A poster hanging in a coffee shop window on Smith Street promotes yet another Walt Whitman event. My friend Michael, a Whitman scholar, told me there is some kind of Whitman commemoration going on in Brooklyn every month.
In terms of square miles, Brooklyn is New York’s second-largest borough, after Queens; in terms of population, it is first. If Brooklyn were a city, it would be the fourth most populous in the United States. If Brooklyn were a country, its chief exports would include artisanal pickles, eco-friendly yoga wear, Red Hook-made Saipua soap (responsible for every store smelling like clove geranium) and books written by men named Jonathan.
In Brooklyn, material goods matter, but other things matter more.
Proteus Gowanus…in a former box factory, is the kind of place whose founder could get a MacArthur genius grant. Loosely speaking, it is a museum. Here are some of the things you will find in its labyrinthine rooms: an exhibit of neo-shaman art, ephemera having to do with morbid anatomy, a Reanimation Library that houses odd books (“Sex Lives of Animals Without Backbones,” “the Gun Digest of Exploded Fireworks Drawings”), and, every Thursday night, a meeting of the Fixers Collective, whose members will attempt to repair any broken thing you bring in…Proteus Gowanus has the best gift shop in the world. There are banned-book bracelets, orange glow-in-the-dark bicycle vests that say “UNINSURED,” and a CD of songs whose lyrics are taken from the journals of Lewis and Clark.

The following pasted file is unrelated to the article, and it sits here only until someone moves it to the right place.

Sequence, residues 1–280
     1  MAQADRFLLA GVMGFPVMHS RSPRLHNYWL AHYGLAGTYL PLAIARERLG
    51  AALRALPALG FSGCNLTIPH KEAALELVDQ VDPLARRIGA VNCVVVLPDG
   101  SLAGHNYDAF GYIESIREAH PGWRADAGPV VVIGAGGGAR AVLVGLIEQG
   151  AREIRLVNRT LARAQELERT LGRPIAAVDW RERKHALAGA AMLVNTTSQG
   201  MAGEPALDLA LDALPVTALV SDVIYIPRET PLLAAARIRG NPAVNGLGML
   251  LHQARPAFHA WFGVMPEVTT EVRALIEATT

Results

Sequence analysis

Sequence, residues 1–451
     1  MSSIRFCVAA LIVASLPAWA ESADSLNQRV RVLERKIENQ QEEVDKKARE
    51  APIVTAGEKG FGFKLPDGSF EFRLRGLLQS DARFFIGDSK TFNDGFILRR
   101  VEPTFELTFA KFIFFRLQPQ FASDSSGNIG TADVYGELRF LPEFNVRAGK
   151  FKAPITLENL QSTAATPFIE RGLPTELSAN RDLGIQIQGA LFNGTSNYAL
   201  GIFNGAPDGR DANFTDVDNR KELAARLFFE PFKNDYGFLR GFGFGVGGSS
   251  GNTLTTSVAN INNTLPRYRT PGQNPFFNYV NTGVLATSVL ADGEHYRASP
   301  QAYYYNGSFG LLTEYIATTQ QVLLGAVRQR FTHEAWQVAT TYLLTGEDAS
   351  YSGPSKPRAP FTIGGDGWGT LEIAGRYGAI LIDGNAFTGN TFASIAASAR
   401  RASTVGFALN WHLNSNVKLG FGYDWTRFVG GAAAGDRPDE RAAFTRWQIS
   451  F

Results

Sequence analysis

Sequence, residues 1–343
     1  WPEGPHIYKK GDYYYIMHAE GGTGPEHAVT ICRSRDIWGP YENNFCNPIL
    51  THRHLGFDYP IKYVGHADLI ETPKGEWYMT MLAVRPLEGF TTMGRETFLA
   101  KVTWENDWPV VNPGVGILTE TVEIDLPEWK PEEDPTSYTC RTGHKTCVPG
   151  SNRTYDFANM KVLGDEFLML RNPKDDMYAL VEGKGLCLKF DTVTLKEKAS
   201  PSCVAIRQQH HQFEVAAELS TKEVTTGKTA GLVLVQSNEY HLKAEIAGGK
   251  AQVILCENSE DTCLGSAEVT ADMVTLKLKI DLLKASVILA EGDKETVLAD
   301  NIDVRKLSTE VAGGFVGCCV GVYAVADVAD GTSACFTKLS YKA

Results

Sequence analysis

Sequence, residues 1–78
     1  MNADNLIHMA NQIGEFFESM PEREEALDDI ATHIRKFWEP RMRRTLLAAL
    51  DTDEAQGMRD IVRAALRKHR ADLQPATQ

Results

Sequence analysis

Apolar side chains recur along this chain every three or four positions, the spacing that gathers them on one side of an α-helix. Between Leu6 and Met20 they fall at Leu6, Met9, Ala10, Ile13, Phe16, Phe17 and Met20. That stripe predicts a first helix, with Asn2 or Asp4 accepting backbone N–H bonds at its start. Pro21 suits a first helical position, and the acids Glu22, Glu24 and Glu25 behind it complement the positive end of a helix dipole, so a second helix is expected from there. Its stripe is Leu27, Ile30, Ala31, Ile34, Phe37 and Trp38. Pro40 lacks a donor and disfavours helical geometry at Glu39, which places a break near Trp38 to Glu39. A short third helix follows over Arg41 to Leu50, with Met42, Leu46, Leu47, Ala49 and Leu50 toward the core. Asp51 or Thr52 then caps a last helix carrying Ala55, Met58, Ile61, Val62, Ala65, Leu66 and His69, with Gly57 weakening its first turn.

These excerpts are from “Borough Haul: Are you hip enough to shop in Brooklyn?” by Patricia Marx, a must read survey of the material world that is Brooklyn (The New Yorker, March 8, 2010.)
Everyone says it was the art galleries and edgy performance places that were drawing the public. But I think it was the consumption spaces—the stores, bars, and cafes where you could look through plate-glass windows and see people living a kind of aspirational life, but in a low-key, affordable way. Brooklyn came to be understood as a place of creative consumption.
Sharon Zukin, author of Naked City: The Death and Life of Authentic Urban Places (with a chapter called “How Brooklyn Became Cool.”
Brooklyn in 2010 has more like the ambience of Lower Manhattan (Soho, Tribeca, LES) that I found so intoxicating when I arrived in the early 1970s than any other place I know. Like a bubble under the tablecloth, the best stuff just keep moving around. But for right now, it has lodged itself southeast of Manhattan.
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